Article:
Assuming you’d install Vivid Vervet, here’s the download link. When installing it, I recommend you to choose Manage System with Landscape to manage upgrades on the server. The feature called Landscape allows you to manage more than hundreds of Ubuntu run machines.
This would not only be cost-effective but also let you monitor how each machine is doing. Connection downtimes are probably due to some bugs, which I hope would be fixed very soon.
If your employees are facing repetitive connection failure issues, here’s what you can tell them to do to have the connection back:
Tell them to open the /etc/modprobe.d/iwlwifi.conf file and feed it “11n_disable=1”.
They can do it by opening the terminal first and then type in it the following line:
“gksudo gedit /etc/modprobe.d/iwlwifi-disable11n.conf” and then press “Enter.” When the configuration file opens, they need to add this line at the end:
“options iwlagn 11n_disable=1” and save it.
Keep in Mind
I personally recommend Ubuntu 15.04 but you may choose some other enterprise distro such as RHEL 7.1 or SUSE Linux Enterprise Server.
That’s okay, but if you follow my recommendation and choose Vivid Vervet instead, the discussion above would help you.
I have a friend from College who is always raving about Ubuntu. I never really got to use it so I have not really tested its effectiveness when it comes to data processing. But I have heard a lot about its efficiency compared with other platforms.
You can actually run UBUNTU off a flash drive. Just search how to do it. Its called “Live Distro”. That way you can try it as long as you like and then install it if you are comfortable.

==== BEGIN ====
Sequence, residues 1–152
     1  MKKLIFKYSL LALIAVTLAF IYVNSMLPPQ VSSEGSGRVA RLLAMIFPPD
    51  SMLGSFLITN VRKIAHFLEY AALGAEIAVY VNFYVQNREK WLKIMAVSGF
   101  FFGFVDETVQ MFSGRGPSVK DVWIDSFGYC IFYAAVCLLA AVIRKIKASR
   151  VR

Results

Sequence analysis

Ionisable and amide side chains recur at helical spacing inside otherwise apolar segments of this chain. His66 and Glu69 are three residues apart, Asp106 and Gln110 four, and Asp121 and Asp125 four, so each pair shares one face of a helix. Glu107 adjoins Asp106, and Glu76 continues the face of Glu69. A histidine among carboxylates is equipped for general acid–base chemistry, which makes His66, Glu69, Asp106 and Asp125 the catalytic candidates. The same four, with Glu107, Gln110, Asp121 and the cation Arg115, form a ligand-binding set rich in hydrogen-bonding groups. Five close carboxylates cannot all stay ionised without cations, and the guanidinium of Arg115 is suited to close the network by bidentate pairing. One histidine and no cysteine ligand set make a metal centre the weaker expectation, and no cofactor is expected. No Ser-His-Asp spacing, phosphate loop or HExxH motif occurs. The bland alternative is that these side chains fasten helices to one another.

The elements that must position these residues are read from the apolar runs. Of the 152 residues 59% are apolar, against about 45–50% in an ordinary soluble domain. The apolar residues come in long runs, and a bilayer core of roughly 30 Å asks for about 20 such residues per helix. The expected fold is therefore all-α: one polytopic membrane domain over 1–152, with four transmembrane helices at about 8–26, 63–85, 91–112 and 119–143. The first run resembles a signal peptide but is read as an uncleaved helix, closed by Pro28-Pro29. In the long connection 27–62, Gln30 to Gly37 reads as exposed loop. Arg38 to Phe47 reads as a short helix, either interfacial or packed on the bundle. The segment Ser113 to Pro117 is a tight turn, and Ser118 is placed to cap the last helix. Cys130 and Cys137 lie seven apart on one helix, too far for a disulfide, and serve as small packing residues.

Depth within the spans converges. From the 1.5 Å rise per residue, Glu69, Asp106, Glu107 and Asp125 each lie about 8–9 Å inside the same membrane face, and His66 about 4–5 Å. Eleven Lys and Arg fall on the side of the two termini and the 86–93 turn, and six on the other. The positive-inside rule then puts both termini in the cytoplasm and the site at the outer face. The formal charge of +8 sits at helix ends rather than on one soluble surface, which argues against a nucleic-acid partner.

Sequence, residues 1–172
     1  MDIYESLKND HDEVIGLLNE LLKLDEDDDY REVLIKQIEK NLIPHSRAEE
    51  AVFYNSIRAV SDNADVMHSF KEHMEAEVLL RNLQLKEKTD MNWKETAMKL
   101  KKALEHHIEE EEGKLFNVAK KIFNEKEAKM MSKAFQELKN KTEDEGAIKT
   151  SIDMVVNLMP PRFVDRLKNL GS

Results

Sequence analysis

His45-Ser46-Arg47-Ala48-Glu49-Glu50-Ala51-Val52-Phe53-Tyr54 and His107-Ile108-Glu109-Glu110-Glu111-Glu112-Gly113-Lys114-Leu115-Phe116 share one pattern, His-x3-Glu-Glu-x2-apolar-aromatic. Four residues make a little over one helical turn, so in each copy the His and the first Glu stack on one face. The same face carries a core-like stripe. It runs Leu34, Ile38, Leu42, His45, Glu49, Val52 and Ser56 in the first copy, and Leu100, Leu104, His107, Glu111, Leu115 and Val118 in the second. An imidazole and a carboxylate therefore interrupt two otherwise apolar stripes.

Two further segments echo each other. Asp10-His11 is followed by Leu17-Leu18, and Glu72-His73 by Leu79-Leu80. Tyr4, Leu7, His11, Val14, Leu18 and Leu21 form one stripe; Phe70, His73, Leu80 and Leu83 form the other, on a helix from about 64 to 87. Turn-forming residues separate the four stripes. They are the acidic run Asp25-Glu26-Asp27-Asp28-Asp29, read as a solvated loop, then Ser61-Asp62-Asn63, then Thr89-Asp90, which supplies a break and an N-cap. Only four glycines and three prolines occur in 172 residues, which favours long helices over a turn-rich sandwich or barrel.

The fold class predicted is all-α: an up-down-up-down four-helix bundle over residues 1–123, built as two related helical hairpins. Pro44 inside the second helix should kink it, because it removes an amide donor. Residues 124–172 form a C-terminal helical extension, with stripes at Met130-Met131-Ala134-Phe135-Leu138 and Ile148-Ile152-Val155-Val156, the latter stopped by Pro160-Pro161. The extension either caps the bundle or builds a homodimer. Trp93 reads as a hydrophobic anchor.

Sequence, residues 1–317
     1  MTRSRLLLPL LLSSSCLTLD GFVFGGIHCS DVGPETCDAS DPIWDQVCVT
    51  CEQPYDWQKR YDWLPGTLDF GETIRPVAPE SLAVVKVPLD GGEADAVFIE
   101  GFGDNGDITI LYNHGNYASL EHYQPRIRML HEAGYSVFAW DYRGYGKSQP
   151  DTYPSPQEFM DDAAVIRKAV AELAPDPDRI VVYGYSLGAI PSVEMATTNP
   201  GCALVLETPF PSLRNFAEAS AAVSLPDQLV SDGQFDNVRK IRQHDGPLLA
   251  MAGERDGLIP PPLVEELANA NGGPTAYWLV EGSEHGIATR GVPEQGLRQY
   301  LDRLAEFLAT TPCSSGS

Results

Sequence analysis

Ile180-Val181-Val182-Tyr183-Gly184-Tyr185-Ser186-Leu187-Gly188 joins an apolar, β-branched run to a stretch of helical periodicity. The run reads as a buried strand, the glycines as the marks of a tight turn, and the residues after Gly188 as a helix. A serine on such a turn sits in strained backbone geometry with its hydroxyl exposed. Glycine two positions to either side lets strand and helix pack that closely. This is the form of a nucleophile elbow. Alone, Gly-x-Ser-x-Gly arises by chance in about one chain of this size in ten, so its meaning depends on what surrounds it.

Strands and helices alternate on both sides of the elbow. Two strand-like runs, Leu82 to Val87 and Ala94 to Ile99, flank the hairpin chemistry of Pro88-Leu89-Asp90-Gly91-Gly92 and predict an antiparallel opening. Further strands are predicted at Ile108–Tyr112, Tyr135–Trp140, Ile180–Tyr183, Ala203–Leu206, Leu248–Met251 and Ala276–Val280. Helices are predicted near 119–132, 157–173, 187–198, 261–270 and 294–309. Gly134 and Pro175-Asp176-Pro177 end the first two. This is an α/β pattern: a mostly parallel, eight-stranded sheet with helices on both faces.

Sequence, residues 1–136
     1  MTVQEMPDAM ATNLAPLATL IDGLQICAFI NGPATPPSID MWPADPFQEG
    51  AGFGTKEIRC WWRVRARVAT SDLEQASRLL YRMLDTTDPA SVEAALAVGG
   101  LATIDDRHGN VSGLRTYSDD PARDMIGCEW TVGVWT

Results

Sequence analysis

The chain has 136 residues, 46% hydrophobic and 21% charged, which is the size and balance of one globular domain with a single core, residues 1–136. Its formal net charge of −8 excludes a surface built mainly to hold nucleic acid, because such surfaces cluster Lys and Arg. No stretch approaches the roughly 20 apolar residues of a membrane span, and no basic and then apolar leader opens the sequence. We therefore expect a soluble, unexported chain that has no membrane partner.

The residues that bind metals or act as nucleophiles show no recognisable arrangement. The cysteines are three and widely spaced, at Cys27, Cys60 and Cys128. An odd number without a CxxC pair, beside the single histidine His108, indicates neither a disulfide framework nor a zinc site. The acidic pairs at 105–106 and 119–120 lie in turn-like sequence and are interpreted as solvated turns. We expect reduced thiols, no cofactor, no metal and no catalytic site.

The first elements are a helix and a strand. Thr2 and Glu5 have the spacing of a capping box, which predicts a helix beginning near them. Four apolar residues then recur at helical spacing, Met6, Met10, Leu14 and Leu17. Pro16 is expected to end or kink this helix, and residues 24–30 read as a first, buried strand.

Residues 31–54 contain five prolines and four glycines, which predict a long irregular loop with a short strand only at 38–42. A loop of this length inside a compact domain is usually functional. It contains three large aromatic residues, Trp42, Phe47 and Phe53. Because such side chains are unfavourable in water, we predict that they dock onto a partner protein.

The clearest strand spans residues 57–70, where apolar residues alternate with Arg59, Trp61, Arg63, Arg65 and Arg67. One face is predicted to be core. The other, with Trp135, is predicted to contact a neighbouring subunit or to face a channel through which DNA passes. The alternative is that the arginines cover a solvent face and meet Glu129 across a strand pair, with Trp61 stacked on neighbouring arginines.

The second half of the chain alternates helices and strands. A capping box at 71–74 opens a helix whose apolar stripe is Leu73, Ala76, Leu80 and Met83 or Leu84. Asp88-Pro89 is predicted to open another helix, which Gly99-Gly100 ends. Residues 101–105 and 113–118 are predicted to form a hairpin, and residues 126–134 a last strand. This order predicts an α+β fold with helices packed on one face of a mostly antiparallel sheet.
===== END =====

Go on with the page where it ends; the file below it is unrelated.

Ubuntu doesn’t use /etc/sysconfig/ifcfg-ethX files that’s a RHEL thing. Ubuntu uses /etc/network/interfaces and I found that the ubuntu scripts for utilizing this file did not function most of the time as they should. RHEL was much better in this regard. I ended up rewriting everything using ip addr calls instead. I believe most Ubuntu installations rely heavily on Network Manager. Unless you want to write a bunch of code to manage your network just stick with Network Manager.
For enterprise, with Ubuntu, it is always safer to recommened an LTS version like Ubuntu 14.04 LTS.
LTS stands for Long term support. Means every 2 years you have an LTS that you can migrate to, and each LTS have 5 years of security update (free) and professional support from Canonical (B2B service). Those LTS are the stability and security version that enterprise usualy want to use. Others version are still nice, and you can one day upgrade from an non-LTS to the next LTS if needed.
I agree, but the problem is Vivid Vervet is a standard release, and it’ll receive support from Canonical till November this year, which means an enterprise would have to wait for the release of the next LTS version 16.04. So, keeping in mind what you’ve suggested, my suggestion would be installing Vivid Vervet now for it being enterprise-friendly in terms of wireless connectivity, and then upgrading to 16.04.